Jonathan and I tried to make the chair work at home, but it just wouldn’t. Single futon chairs are quite large and no matter what layout we tried, the chair didn’t work. I decided I was ready to let it go, especially since it was tied to a memory of Chris that was bad. The chair came to symbolize great sadness for me, an empty chair, the chair in which my husband took his last breath. I didn’t want it anymore. Not now. Not when I’m really taking huge strides pushing myself forward.

The salvation army came on Wednesday. They began loading up the truck with all of the boxes and furniture we had stored in the garage. When they took the chair, I lost my breath. I turned to Jonathan and said, “I don’t think I’m going to be able to get through this without crying.” I try not to cry about Chris in front of Jonathan. Hell, I try not to cry in front of him, at all. But when the chair went, I did.

Jonathan held me and said, “It’s okay. You can cry if you need to. It’s okay. You loved him. You loved him very much. And he loved you. He still does. He always will.”

How did I get so lucky? Twice.


Tuesday, August 3, 2010

A Huge Part of Who I Am

I’m just about finished packing up my stuff for my move in with Jonathan, who, by the way, I got engaged to two weeks ago.

Even though I love Jonathan, this major life change has not been an easy one to prepare for. There are things of Chris’ I had been holding onto for the past five-plus years, that had been buried in the crawl space of my current apartment. I sifted through the rubble of “used to be” and surprised myself with how much stuff no longer held meaning for me. On the flip side, I melted down again and again over the stuff that still does hold quite a bit of meaning for me, and placed it into a brand new waterproof storage box to store at Jonathan’s house. Everything I have left that once belonged to Chris now fits into one plastic box, a time capsule of a part of my life that held immense joy…followed by immense dread, anguish, and five years and eight months (and counting) of grief-induced loneliness for my lost love.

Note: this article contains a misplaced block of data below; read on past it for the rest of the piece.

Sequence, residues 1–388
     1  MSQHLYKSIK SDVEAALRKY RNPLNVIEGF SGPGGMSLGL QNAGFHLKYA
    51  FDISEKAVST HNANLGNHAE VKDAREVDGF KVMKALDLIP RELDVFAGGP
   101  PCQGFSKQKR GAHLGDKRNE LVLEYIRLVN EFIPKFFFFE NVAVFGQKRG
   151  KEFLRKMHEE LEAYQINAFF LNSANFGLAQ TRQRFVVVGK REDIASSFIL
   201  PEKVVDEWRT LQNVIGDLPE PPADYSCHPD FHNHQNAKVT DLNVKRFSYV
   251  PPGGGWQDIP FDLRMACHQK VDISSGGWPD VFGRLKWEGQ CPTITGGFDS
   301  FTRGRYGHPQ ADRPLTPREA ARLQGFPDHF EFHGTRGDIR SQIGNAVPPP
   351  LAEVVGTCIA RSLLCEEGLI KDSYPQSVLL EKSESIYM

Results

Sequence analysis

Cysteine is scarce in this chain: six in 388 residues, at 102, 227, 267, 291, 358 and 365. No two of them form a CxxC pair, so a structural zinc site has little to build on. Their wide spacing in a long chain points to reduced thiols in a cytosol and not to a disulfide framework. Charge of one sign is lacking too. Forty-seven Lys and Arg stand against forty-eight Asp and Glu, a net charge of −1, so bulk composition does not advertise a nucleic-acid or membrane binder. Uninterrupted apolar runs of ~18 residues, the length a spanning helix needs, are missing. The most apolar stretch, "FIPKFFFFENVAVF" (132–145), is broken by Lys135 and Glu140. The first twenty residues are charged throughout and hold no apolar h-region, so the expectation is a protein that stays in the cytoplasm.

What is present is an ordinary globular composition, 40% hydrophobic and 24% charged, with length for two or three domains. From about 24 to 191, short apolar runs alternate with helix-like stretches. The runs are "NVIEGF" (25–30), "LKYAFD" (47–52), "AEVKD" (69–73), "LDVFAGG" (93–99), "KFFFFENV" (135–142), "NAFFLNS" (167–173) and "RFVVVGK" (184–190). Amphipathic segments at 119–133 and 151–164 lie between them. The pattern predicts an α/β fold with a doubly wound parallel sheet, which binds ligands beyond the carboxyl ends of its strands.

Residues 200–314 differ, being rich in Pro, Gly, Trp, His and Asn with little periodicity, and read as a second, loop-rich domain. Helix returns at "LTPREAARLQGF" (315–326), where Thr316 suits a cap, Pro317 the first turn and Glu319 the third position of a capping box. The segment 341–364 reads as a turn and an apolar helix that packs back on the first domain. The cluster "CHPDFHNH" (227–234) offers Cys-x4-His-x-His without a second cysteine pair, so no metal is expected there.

I often talk about the magical (and fictitious) “one year of firsts” that everyone seems to think follows the death of a loved one. The firsts never end, unless life ends. I’m about to move in with a man I love for the first time since Chris died, a fact I have been simultaneously celebrating and grieving. My apartment has become an asylum of sorts, a place for me to cry, laugh, fall, get back up and scream. I’m happy every time I think about Jonathan and depressed every time I think about Chris. I wear a brilliant diamond engagement ring on the ring finger of my left hand, the hand closest to my heart. I wear my engagement ring from Chris, and both of our wedding bands which I had soldered together on my right hand. I think about both rings and I sometimes feel handcuffed by them. I haven’t decided yet whether or not to keep my right-hand rings on. Jonathan is a very generous, supportive, sweet man who tells me I should keep both of my rings, since Chris was such a huge part of who I am, today. Then he tells me he loves me because of who I am, today. Brings tears, doesn’t it? That kind of patience and understanding is just what I need.

I’m ready, Jonathan. I’m ready for something. And I don’t have to be ready for a lifetime of love. I only have to be ready to step outside my door.